Since President Tsai’s election in May 2016, the Taiwanese government has responded proactively to international criticism of Taiwan’s fishing fleet, most notably through the passage of legislation that specifically addresses distant water fishing and FOC-flagged vessels.31 These new laws restrict problematic practices such as transshipment at sea—the transfer of fish from one vessel to another while at sea, which makes fish harvests harder to trace. The laws also impose higher penalties on IUU fishing activities and require vessel operators seeking to hire migrant laborers abroad to employ standard contract terms and obtain permission from Taiwanese authorities.32 In addition, the laws call on Taiwanese officials to develop a more comprehensive set of regulations relating to the management of fishing vessels, including rules for collection and management of data relating to fishing vessels’ activities.33 At the level of executive action, the Tsai administration convened a high-level counter-IUU task force at the end of 2016, and the Fisheries Agency has released a new plan of action to combat IUU fishing, which calls for improved traceability of seafood products.34
Whether these initiatives will lead to meaningful reduction in abuses remains to be seen. Much of the effect of the new legislation will depend on the specific character of implementing regulations and the perennial challenge of enforcement. To date, there is some reason for optimism. Taiwanese authorities have recently begun to investigate trafficking violations involving foreign laborers aboard Taiwanese ships (as of this writing, there have been no convictions).35 In addition, Taipei has expanded cooperation on IUU matters with a number of countries with shared fishing interests and opened a 24-hour fisheries monitoring center.36
But challenges remain: The Taiwanese Coast Guard still appears focused on incursions of non-Taiwanese vessels into Taiwanese waters, and there has been little to no action taken against violations committed by Taiwanese-owned or -operated vessels flying FOCs.37 Furthermore, laborers recruited onto Taiwanese vessels outside Taiwan still possess almost none of the protections enjoyed by those who pass through Taiwanese territory.38 Reports of IUU fishing and human trafficking involving Taiwanese vessels and operators continue into 2017, and many environmental and labor activists remain skeptical that reform of the fishing industry is a priority for the Tsai administration.39
Implications for U.S.-Taiwanese relations
In recent years, Thailand has received the lion’s share of media coverage and international pressure relating to environmental and labor abuses in the seafood industry.40 Yet there is a compelling case that Taiwan’s fishing fleet deserves equal attention. Unlike with the Thai seafood industry, most of the abuses associated with the Taiwanese industry occur on the high seas or in other states’ EEZs. Not only are such abuses harder to detect and expose than those occurring in seafood processing plants and nearshore fisheries, but they are also an affront to the norms of international law and reflect a conscious predation on the limited governance capacity of weak and impoverished states.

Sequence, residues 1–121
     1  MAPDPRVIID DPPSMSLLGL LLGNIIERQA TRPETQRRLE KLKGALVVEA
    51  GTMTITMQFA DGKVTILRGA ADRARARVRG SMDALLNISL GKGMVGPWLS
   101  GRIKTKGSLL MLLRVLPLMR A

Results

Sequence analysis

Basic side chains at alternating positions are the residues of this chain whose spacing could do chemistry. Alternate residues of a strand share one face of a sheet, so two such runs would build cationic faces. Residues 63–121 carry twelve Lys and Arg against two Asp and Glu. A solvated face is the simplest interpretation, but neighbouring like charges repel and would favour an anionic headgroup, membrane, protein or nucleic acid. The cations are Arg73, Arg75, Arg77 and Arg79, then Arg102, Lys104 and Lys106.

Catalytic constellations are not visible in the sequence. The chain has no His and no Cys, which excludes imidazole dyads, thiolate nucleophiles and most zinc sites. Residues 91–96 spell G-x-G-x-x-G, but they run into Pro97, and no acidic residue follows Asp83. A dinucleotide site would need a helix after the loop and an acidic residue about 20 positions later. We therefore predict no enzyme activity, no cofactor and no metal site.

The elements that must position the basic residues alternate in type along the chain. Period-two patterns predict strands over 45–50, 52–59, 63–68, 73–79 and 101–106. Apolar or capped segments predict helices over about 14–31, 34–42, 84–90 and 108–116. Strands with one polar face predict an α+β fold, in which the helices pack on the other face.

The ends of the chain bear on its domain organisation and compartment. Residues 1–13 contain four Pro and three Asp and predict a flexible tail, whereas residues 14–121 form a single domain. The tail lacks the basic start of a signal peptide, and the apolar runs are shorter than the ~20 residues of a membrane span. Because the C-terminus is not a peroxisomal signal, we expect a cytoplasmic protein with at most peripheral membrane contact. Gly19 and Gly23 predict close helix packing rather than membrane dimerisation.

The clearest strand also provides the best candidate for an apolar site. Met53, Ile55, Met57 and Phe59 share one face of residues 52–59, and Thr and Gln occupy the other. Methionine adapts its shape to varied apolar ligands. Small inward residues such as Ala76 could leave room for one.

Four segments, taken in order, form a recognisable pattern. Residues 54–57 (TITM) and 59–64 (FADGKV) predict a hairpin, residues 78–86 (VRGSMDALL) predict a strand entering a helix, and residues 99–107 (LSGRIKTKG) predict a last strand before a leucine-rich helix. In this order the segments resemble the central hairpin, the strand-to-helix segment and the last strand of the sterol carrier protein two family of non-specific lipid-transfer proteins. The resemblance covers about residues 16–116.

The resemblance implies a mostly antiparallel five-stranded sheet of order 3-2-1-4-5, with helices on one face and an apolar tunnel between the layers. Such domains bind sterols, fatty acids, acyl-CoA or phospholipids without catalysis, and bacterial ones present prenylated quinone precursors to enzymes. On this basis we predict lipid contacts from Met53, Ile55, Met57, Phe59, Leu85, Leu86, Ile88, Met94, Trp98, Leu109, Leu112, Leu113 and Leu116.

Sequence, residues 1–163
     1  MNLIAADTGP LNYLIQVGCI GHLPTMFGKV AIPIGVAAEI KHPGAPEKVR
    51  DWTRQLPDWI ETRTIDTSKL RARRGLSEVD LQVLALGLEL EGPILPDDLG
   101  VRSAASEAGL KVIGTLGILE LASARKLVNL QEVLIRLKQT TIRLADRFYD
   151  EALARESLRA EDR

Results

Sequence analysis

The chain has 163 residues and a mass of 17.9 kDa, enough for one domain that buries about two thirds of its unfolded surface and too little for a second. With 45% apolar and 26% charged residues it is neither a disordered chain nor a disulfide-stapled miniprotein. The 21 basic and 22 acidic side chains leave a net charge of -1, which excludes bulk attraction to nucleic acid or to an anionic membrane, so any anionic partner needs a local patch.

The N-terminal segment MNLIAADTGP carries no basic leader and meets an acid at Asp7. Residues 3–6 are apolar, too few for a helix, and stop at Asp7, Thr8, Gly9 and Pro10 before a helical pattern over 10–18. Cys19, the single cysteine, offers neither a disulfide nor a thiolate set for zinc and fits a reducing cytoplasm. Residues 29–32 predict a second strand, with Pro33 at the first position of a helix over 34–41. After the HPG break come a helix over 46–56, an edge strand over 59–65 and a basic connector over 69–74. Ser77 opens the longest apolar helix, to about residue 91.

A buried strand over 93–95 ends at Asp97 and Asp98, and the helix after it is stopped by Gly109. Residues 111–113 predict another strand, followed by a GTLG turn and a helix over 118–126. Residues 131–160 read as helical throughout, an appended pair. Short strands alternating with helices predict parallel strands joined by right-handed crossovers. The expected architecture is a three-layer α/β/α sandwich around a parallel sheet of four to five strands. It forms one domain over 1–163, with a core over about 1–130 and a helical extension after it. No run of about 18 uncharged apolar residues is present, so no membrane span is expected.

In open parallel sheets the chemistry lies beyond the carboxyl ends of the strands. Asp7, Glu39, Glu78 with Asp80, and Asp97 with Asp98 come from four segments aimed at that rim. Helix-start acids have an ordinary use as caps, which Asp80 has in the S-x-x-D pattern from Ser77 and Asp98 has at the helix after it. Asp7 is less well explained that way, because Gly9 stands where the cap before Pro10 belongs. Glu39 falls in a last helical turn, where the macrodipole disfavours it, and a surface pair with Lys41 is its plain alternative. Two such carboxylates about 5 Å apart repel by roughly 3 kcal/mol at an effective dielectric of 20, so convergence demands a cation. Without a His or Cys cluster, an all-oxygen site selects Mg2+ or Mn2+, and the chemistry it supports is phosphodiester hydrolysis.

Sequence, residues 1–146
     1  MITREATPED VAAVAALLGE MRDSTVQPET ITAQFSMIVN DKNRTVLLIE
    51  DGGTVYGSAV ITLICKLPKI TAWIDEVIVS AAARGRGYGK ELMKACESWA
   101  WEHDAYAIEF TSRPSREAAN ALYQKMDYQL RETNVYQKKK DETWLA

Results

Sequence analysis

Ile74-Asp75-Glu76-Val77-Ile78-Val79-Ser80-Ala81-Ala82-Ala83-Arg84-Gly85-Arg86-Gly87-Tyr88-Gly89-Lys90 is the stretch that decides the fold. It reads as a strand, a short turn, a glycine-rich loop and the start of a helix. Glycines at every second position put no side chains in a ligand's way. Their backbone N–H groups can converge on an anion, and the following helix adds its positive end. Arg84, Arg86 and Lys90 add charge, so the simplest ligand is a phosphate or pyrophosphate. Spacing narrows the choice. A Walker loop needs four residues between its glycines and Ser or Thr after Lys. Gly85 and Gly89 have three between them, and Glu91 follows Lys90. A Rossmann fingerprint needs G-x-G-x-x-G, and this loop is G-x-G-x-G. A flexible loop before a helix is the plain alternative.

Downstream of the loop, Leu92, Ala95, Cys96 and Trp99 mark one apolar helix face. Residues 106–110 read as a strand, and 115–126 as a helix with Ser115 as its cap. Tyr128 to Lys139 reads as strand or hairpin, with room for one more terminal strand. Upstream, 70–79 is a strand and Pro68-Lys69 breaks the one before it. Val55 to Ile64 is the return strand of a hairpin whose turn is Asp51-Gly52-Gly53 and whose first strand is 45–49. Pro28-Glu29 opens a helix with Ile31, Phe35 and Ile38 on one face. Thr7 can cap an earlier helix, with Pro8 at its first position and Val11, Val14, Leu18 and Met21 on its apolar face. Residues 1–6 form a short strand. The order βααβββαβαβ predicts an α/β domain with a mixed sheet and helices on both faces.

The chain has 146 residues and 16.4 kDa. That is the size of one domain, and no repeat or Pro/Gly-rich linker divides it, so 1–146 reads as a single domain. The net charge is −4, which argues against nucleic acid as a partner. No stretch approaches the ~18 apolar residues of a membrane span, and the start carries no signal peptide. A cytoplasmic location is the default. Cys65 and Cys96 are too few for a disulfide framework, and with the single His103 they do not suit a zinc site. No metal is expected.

Furthermore, while Taiwan is not typically associated with seafood exports in the minds of ordinary consumers, the fruits of its longline catch enter virtually all major international supply chains that reach North America, Europe, and Northeast Asia, often under the labels of other countries such as Thailand.41 And Taiwan’s generally high administrative capacity and robust rule of law in domestic contexts make tolerance of abuses in its fishing fleet less excusable than those of middle- and low-income countries. While many countries’ fishing fleets engage in IUU and questionable labor practices—including the mainland Chinese and Korean fleets—the scale and persistence of the abuses of the Taiwanese fleet and Taiwanese authorities’ historical tolerance of these abuses make oversight of the island’s fishing sector especially urgent.42
If current efforts to reform the Taiwanese fishing fleet fall short, that failure could prove a hindrance to effective U.S.-Taiwanese relations. As Taiwan’s international profile and diplomacy continue to evolve beyond a Cold War model, the discussion surrounding Taiwan’s de facto political autonomy from mainland China has centered on the island’s democratic and pluralistic values. This trend has intensified in recent years, as watershed developments in Taiwanese politics, such as the emergence of a new youth-focused political party, the New Power Party; the election of President Tsai; and the recent marriage equality ruling have occurred alongside Beijing’s successful campaign to persuade the small number of governments that still formally recognize Taipei to sever diplomatic ties.43 Should Taipei appear to be tolerating violations of domestic and international law committed under its own flag, it would detract from Taiwan’s emerging status as a responsible global citizen that respects the rule of law and human dignity. That deficiency would undermine the argument advanced by many in the U.S. policy community that Taiwan’s cultural and political achievements should be supported amid East Asia’s shifting geopolitical landscape. Should Taiwan receive an EU red card or suffer a downgrade in the annual State Department Trafficking in Persons (TIP) report, such a position would become harder to defend.